Premier says policies must help balance growth and reforms
Premier Li Keqiang assured on Monday that the nation's economy will have "a good ending" in 2013, which will enable it to have "a promising beginning" for 2014.
Li made the comment while briefing representatives to the 16th national congress of the All-China Federation of Trade Unions.
He also vowed to carry out reforms and ensure employment as economic growth stabilizes.
Macroeconomic policies should continue to balance growth and structural reforms, he said.
"We are confident of achieving the main targets of economic and social development this year," Li said.
Li highlighted the continuation of a "proactive employment policy" to create more opportunities in the labor market, measures to improve the income of rural migrant workers, and the promotion of social security for employers.
He warned that risks and challenges still exist, which may weaken the economic recovery, although the economic indicators in the third quarter showed the best picture of the year.
The National Bureau of Statistics reported a GDP growth rate of 7.8 percent from July to September, rebounding from 7.5 percent in the second quarter. It was 7.7 percent in the first three months.
The consumer price index, the main gauge of inflation, stood at 2.5 percent for the first three quarters.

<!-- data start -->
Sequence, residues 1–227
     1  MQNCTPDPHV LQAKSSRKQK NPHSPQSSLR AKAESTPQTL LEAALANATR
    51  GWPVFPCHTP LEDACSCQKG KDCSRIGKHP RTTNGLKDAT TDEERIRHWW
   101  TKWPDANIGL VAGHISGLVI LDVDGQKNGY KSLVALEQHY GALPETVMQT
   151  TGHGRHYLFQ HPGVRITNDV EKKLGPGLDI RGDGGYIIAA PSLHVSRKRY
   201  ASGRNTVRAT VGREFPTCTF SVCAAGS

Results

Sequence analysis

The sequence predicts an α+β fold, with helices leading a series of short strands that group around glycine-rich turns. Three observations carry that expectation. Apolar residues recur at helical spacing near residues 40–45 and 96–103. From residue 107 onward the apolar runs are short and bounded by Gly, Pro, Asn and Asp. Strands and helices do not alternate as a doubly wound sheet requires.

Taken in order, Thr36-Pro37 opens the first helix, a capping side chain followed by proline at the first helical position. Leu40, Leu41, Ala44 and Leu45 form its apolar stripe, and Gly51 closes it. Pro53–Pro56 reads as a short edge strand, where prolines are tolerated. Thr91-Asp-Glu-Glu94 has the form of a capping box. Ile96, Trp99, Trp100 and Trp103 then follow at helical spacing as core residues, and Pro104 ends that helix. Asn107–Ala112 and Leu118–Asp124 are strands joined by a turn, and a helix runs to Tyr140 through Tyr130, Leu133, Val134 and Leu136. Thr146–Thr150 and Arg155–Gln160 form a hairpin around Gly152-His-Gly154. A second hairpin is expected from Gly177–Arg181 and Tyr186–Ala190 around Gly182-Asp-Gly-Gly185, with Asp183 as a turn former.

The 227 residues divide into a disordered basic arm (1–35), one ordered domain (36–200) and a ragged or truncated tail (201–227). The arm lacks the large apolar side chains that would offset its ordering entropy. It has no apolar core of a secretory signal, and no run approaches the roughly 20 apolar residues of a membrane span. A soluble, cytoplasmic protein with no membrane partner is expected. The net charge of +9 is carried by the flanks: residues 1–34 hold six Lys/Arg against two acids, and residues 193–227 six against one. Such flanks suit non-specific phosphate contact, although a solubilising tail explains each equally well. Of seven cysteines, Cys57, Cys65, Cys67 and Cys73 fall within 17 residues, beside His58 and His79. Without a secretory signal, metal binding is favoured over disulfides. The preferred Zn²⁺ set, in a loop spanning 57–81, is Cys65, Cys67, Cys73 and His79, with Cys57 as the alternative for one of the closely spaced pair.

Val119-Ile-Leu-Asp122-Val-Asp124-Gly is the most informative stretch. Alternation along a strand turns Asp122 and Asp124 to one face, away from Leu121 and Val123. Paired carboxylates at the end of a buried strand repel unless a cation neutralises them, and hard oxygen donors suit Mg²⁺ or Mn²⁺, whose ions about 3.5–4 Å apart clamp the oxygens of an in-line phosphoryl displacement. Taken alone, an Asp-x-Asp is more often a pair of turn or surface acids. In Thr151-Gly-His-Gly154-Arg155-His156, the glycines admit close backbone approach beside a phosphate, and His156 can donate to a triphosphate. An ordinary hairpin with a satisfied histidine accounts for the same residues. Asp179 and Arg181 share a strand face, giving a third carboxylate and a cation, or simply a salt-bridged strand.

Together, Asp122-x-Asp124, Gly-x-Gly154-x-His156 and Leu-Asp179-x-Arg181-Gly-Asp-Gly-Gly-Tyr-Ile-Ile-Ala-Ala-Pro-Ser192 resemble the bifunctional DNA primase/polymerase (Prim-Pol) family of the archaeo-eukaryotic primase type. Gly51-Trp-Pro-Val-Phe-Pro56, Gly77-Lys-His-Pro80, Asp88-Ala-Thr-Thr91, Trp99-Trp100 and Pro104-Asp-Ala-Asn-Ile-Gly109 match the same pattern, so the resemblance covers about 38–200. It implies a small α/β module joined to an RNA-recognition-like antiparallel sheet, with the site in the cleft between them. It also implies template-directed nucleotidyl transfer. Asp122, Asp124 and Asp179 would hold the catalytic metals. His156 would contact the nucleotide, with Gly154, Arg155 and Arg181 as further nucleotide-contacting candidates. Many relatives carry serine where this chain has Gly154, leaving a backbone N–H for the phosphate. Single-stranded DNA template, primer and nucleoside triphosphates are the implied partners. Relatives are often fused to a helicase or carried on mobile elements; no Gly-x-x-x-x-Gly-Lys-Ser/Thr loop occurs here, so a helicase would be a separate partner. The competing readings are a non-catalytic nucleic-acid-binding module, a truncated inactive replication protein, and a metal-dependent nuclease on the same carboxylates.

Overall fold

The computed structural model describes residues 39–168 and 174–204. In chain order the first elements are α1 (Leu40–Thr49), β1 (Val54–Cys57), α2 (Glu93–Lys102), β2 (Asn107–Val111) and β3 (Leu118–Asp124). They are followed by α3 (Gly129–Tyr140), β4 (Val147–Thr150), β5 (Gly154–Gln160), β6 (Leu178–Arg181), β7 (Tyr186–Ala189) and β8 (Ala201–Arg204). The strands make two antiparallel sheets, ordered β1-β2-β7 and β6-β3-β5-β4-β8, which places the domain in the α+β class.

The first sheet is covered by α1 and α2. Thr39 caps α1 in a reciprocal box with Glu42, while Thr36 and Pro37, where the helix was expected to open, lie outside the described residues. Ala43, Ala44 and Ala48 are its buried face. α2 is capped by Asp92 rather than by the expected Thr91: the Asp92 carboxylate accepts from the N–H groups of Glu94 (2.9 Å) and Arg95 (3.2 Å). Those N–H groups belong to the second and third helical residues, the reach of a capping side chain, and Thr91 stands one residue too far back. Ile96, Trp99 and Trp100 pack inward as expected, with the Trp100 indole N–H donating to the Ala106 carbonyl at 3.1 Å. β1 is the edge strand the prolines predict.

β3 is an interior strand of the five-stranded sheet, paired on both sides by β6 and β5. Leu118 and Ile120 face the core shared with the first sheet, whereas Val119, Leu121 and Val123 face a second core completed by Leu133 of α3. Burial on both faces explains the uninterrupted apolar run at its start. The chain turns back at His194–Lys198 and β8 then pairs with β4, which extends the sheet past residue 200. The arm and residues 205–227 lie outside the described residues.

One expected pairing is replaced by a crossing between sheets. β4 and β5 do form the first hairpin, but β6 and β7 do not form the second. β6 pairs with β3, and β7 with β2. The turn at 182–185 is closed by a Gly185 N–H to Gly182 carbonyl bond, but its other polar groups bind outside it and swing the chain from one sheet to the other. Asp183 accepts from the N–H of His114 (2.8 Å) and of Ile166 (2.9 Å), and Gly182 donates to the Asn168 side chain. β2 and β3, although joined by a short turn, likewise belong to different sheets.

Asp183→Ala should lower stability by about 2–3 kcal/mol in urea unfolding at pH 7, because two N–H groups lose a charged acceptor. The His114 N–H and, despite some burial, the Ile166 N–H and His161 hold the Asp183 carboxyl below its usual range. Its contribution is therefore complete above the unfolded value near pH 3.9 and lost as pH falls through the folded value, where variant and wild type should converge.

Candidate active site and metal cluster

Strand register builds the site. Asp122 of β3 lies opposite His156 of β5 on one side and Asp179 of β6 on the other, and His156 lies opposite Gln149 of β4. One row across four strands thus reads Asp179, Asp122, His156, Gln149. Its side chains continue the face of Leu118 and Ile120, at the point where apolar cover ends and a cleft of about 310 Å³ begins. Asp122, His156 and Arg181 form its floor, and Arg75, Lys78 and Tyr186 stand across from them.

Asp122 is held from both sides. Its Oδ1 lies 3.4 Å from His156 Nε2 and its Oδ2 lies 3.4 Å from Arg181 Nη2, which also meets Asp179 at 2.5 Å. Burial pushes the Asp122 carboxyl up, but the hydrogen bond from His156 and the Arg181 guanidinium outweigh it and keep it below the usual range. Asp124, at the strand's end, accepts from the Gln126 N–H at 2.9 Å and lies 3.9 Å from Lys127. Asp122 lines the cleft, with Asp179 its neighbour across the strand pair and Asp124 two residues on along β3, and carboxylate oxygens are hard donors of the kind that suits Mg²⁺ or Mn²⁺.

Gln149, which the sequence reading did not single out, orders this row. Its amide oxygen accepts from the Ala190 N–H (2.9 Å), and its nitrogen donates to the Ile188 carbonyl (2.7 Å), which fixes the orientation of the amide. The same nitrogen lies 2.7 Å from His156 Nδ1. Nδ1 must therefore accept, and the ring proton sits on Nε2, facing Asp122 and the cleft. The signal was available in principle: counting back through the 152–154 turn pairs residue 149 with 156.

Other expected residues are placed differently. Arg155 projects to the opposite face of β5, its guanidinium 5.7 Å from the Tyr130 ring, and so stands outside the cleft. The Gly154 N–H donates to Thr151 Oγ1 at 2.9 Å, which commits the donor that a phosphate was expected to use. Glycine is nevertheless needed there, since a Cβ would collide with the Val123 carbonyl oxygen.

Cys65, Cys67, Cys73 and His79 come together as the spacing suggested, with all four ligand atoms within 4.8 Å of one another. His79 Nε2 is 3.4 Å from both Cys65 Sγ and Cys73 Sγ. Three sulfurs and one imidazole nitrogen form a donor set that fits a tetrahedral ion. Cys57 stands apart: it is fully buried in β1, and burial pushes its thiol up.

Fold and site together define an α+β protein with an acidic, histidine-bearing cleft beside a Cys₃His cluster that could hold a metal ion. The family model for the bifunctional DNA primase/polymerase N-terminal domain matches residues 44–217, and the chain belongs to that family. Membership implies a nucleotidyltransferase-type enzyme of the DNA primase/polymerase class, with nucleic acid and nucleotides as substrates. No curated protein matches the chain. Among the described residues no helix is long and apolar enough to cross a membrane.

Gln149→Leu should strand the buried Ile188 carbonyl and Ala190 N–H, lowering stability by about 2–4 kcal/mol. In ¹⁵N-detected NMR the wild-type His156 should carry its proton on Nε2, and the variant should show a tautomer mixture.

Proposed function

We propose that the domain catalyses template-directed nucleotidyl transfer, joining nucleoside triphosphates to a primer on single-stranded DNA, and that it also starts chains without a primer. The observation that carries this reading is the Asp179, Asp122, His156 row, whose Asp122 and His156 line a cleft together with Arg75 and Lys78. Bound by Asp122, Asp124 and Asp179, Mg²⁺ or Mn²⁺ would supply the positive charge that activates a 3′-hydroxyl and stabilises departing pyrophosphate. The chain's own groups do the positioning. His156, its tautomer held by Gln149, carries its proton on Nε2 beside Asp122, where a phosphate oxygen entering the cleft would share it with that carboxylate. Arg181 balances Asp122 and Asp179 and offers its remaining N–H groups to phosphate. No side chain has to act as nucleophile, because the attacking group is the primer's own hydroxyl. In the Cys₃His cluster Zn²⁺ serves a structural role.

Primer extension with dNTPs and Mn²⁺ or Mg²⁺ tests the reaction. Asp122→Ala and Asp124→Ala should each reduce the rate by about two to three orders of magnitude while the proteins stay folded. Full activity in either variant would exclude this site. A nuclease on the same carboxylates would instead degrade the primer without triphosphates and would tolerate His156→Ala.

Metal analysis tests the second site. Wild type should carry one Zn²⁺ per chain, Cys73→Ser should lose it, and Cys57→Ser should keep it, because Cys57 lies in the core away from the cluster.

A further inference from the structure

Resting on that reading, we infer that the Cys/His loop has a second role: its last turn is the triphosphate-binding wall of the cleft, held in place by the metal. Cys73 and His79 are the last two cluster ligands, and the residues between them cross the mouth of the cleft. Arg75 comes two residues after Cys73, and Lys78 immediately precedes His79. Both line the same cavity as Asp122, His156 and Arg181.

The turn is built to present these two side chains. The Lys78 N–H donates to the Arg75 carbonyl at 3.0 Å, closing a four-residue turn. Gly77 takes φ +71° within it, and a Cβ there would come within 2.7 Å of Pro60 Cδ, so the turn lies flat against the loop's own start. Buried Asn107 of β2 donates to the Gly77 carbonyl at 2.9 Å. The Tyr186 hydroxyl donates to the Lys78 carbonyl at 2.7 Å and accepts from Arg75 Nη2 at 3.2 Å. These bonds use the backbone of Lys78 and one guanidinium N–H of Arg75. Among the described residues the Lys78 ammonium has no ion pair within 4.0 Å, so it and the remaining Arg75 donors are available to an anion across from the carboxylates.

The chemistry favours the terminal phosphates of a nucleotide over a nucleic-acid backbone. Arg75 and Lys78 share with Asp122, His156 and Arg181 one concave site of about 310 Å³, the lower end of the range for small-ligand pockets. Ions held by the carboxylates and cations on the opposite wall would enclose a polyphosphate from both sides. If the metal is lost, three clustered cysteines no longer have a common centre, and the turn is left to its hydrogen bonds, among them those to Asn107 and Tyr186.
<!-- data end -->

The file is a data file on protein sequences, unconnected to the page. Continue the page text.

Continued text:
So far, GDP and inflation levels are within the government's "reasonable range", with positive changes in economic structure and increasing incomes, the premier said.
Based on economic momentum in the third quarter, "China's labor market remains robust", said Stephen Green, chief economist in China at Standard Chartered Bank.
According to the NBS, urban household disposable income rose by 7.2 percent year-on-year in real terms in the third quarter, after growth slowed to 6.4 percent in the second, which supported a mild pickup in urban household consumption.
Real growth in rural household cash income also accelerated to 10.2 percent year-on-year in the third quarter, compared with 8.9 percent in the second. Migrant workers' real wage growth stayed robust at 9.9 percent between July and September.
Economists predict that the leadership will prefer to maintain current monetary and fiscal policies, without expanding the fiscal deficit or increasing the money supply to stimulate investment, and to focus more on shifting the growth model to one that is driven by consumption.
Peng Wensheng, chief economist at China International Capital Corp, an investment banking group, said that the economic rebound is likely to remain until the second quarter of 2014.
"However, structural contradictions will limit the rebound, as the potential growth rate of the world's second-largest economy is slowing," he said.
Policies in the near future will focus more on structural rebalancing, rather than further stimulating investment, considering the potential real estate bubbles and financial risks, according to Peng.
Chang Jian, chief economist at Barclays Capital, said the whole year's GDP growth may reach 7.6 percent.
In 2014, as the government continues to stress reforms, growth is likely to slow to 7.1 percent, Chang said.
"Whether the government can announce crucial financial reform measures at the meeting of the 18th Central Committee of the Communist Party of China in November and downgrade the 2014 growth target to 7 percent from this year's 7.5 percent, will be a test for the leadership's tolerance," she said.
This year the central government has reduced administrative examinations and approvals, accelerated railway construction, strengthened supports for small businesses and liberalized interest rates.